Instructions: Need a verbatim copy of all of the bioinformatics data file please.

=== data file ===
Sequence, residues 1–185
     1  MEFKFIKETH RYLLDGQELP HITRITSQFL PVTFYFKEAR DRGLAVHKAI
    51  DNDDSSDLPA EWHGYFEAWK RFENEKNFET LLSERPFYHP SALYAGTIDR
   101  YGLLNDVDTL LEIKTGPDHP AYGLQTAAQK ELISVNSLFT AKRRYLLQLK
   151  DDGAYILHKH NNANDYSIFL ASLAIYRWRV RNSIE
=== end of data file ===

Sequence, residues 1–185
     1  MEFKFIKETH RYLLDGQELP HITRITSQFL PVTFYFKEAR DRGLAVHKAI
    51  DNDDSSDLPA EWHGYFEAWK RFENEKNFET LLSERPFYHP SALYAGTIDR
   101  YGLLNDVDTL LEIKTGPDHP AYGLQTAAQK ELISVNSLFT AKRRYLLQLK
   151  DDGAYILHKH NNANDYSIFL ASLAIYRWRV RNSIE